Single use plastic is a global issue, but is change coming quick enough?

Words by Trafalgar CEO, Gavin Tollman

I decided to write this article today, after reading in this morning’s Tribune De Geneve that on January 1st 2020 the city of Geneva will be eliminating single use plastics in all outdoor restaurants. I am incredibly fortunate to live in a forward-thinking city, and with it, in a country that does what is right for its people. This is a huge step in the right direction.

“A report issued this year proves we have officially entered the ‘plastic age’, or The Anthropocene.”

Plastic pollution is now being deposited into the fossil record, with plastic layers in the earth’s core building up to such a level that they will have a lasting, and irreversible, impact on the earth’s internal makeup.

Plastic is all around us and often invisible to the unsuspecting eye. Cars and planes are, by volume, 50% plastic, whilst more clothing is made out of plastic such as polyester and nylon, than cotton or wool. Almost 300 million tonnes of the stuff is produced every single year, 50% of which is used just once and then throw away. 

plastic cutlery found on beach

But therein lies the problem, because the reality is, there is no ‘away’. One of the most deplorable single use plastic facts is that 91% of plastic is not recycled. Rather, it gets burnt, sent to landfill, or makes its way into our waterways and eventually the ocean. A staggering 8 million tonnes of plastic ends up here each year, the equivalent of 630 billion single use plastic bottles, creating the now known catastrophic consequences for not just animal and marine life, but humans too. Last year, whilst visiting Ryley Webster of Sustainable Coastlines, he shared a particularly alarming piece of information with me; when fish ingest plastic, excess oestrogen is released into their systems. For those who rely on a high seafood diet, as many do around the world, the impact of this is already being seen. Young girls are entering puberty prematurely, whilst boys are developing breasts.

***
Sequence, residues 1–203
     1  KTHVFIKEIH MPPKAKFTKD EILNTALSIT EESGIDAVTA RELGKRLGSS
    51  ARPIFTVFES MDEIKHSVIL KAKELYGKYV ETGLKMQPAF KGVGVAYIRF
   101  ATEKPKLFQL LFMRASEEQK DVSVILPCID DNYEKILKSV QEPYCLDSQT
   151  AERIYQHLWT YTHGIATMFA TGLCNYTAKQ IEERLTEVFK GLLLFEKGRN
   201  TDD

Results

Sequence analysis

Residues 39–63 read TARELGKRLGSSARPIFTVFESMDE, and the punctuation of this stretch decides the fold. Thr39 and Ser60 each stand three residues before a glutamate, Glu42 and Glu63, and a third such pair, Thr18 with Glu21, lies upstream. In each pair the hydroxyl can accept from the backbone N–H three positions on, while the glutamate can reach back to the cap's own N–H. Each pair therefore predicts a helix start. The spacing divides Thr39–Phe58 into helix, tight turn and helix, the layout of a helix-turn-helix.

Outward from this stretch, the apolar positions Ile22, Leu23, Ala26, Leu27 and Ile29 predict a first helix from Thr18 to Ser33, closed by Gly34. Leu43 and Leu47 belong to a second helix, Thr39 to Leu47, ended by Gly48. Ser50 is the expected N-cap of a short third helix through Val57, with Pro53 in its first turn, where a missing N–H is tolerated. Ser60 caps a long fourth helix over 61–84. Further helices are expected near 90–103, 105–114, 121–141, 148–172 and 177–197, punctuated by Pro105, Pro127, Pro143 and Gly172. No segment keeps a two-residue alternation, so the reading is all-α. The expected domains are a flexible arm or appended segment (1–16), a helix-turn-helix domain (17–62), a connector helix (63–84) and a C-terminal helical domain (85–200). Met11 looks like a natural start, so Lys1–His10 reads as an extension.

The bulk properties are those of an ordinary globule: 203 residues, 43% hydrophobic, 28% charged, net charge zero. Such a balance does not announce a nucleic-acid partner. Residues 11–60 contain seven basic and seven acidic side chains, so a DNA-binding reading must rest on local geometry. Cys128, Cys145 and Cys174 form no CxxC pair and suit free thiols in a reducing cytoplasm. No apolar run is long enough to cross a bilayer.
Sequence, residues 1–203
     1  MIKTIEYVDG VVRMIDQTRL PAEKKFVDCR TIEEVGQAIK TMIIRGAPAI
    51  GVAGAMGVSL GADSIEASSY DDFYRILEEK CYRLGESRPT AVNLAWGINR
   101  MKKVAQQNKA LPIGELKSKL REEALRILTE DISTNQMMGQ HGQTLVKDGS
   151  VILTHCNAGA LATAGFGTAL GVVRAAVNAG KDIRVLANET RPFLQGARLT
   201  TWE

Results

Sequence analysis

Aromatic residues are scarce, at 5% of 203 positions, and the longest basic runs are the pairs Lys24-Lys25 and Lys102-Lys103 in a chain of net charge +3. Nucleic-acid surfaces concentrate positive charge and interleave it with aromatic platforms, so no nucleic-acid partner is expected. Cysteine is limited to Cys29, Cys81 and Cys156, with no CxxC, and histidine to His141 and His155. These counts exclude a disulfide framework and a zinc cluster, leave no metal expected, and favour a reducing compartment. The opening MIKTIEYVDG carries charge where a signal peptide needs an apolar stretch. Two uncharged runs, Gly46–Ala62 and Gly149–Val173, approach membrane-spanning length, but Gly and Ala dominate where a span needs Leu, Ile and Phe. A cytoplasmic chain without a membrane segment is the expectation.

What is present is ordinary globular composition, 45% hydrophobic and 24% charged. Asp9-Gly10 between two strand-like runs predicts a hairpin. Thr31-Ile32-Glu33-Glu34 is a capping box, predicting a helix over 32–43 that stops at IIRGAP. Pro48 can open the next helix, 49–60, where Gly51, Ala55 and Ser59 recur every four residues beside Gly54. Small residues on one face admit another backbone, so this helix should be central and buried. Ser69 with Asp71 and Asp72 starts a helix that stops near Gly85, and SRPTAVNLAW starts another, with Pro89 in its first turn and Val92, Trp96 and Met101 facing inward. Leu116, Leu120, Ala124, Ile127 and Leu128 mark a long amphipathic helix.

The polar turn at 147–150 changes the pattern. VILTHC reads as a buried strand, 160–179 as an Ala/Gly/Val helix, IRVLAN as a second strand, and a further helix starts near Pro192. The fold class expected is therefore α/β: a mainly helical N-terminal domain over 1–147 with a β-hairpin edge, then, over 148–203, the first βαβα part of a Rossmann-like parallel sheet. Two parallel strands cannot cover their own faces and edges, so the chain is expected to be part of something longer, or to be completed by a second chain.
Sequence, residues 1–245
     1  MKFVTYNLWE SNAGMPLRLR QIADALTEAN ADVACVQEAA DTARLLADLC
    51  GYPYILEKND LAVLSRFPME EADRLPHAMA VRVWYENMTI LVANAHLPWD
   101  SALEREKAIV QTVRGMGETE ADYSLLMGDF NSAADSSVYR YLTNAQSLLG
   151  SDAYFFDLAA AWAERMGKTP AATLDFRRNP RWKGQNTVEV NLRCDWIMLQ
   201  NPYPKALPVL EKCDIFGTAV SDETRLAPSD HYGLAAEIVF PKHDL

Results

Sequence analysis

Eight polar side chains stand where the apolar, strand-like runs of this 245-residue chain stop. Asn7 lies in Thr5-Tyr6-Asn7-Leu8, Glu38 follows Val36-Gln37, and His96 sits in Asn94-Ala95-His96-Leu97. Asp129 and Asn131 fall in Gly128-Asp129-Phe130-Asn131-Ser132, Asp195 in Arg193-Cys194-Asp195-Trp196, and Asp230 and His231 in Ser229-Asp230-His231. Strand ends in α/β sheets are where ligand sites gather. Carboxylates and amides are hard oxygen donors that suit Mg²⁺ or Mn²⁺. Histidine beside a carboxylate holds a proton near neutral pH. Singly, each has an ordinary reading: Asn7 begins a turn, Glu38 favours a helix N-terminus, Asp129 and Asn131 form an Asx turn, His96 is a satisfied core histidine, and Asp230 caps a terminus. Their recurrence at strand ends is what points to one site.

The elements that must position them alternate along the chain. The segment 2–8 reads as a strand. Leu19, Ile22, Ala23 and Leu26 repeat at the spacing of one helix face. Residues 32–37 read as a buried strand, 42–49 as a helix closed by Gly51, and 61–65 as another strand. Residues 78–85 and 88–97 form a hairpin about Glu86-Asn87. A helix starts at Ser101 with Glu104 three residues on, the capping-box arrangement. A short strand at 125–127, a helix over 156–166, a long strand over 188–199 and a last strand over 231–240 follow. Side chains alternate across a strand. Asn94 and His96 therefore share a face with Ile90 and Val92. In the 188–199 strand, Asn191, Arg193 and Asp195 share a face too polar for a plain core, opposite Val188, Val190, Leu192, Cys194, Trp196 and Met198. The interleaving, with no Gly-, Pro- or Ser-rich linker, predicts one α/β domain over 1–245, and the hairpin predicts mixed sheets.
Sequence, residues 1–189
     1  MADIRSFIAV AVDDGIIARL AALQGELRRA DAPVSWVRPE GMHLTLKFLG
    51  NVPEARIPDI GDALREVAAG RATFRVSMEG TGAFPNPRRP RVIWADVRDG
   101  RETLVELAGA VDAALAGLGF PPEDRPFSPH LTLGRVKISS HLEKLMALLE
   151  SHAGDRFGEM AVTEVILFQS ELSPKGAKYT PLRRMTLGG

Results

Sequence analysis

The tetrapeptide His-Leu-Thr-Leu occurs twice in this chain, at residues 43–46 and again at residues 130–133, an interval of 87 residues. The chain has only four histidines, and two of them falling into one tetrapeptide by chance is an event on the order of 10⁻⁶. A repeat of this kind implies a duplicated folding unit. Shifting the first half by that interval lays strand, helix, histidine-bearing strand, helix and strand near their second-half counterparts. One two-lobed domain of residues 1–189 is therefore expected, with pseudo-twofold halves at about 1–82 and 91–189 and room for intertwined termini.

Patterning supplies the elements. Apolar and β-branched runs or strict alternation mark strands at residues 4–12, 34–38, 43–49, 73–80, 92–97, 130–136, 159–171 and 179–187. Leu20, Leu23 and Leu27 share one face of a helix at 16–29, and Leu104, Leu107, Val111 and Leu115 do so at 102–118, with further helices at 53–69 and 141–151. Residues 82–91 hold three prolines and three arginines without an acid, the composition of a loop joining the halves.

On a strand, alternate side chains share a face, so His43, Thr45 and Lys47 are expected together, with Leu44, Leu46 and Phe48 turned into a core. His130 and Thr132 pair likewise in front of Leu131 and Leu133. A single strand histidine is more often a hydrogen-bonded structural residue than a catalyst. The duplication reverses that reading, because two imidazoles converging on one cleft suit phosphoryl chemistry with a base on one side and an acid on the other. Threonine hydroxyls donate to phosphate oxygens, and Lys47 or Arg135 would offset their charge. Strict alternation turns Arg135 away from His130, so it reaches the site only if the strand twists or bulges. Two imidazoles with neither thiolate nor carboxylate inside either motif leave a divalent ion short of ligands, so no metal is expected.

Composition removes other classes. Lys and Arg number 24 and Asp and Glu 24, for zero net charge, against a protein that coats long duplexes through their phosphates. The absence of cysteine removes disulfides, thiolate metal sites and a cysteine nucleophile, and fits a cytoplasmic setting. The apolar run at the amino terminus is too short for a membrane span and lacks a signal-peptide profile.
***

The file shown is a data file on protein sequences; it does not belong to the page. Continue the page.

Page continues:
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And the impacts of plastic on human health don’t stop there. Many of us have likely heard of the product BPA, or Bisphenol A, which is a chemical added to plastic to make it more durable. BPA is found in countless single use plastic items (unless advertised otherwise) including food packaging, which then leeches into our food and enters the human body. The impacts of this have been linked to countless health issues; infertility, obesity, breast and prostate cancer and neurological problems such as ADHD amongst them.

“Societies reliance on plastic as a convenience product has reached a tipping point, but the good news is, change is afoot. Not just in Geneva, but all across the world, crossing borders and political divides, the public sentiment is being heard loud and clear – enough is enough”

The stats and evidence are literally pilling up at the doors of policy makers and corporations the world over, whilst the public are making their opinions clear through petitions such as the 2016 Greenpeace led call for a UK wide ban on microbeads. In just four months, over 365,000 people had signed – the largest environmental petition ever presented to government.

microbeads